Earlier today on Power Lunch, Andy discussed the rising fear of trade wars and notes the difference between these tariffs giving American businesses an edge over foreign industries and the policies working to even out the playing field with trade partners.
“These trade policies are very defensive. There is a difference between using tariffs to try and give American businesses an advantage, as was the case in the [Great] Depression, and what’s happening today which is an attempt to level the playing field that’s already tilted against American businesses and to really get our trading partners to trade with us on a fairer basis,” said Andy.
Andy also maintains that Europe and China are testing President Trump’s resolve to see if he will stick to his non-negotiables. “I think they’ll find this president has the courage of his convictions,” Andy added.
While everyone in the U.S. can benefit from importing lower-priced goods, the people who elected Trump, the working class citizens, are hit the hardest from international trade. “You have to look at different segments of the American economy differently… these trade relationships were not benefiting the working class and they elected a president to change that and I think that is what Donald Trump is going to do,” argued Andy.
Although there is a significant amount of political risk, Andy believes there is a lot to gain from leveling the playing field with our international trading partners. “There is a risk and this president seems to be willing to take risks if he can do what he believes is in the best interest for the American people, and he firmly believes that with respect to his trade policy,” added Andy.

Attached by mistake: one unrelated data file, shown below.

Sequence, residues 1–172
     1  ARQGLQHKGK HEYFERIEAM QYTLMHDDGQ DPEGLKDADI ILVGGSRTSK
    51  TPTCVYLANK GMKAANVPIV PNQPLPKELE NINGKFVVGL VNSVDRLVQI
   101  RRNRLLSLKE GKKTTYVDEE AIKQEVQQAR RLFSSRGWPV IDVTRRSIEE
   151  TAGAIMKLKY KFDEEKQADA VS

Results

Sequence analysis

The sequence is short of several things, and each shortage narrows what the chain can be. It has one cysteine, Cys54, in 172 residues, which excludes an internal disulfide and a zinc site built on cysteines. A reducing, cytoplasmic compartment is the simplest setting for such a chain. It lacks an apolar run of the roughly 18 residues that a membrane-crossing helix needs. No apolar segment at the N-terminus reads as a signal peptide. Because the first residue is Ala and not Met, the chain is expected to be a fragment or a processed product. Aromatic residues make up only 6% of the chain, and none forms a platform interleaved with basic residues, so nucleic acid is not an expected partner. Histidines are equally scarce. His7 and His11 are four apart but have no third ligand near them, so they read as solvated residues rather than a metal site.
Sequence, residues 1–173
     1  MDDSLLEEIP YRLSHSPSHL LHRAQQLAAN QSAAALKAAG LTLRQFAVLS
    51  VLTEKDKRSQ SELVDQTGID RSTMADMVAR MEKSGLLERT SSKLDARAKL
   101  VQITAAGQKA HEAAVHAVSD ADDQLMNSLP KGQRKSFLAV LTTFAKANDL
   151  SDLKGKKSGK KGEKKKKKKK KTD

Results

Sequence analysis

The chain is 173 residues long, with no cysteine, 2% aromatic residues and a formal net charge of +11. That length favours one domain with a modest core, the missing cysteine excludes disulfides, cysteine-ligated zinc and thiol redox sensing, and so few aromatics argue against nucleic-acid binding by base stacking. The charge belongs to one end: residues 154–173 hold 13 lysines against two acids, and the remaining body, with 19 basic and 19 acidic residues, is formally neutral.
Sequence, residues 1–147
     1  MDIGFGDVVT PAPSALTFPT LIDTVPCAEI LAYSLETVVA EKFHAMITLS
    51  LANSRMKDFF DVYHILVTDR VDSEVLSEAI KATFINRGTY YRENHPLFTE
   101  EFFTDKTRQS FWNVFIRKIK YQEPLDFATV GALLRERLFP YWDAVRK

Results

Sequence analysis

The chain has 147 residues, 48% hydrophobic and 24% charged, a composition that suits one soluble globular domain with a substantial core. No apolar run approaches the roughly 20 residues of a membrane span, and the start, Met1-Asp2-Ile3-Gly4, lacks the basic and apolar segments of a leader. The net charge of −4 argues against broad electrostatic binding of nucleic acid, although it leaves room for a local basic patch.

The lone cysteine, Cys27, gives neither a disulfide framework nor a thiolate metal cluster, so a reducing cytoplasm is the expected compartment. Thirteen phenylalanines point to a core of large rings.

Also discussed was the difficult immigration crisis caused by both Republicans and Democrats, and how it should be addressed. “First, we do everything we can to stop illegal immigration. We have to enforce our laws, if we don’t have borders, we’re not a country. Second, I’d like to see a mandatory e-verify system so businesses willing to hire people that are not here legally and therefore are forced to take lower wages don’t have a competitive edge over the businesses doing the right thing. Lastly, I’d like to see our legal immigration policy change from one that’s based on non-economic factors to one that looks to what we need as a country to staff our workforce… that looks to Americans who need jobs and higher wages,” suggested Andy.
Lastly, Puzder weighed in on the proposed merging of the Education and Labor Departments. “I think that it is always good to look to improve government inefficiency. This administration has made great progress economically by reducing regulation and reducing the size of government. There is nothing wrong with looking at the Department of Labor and Education to try and combine programs,” Andy noted.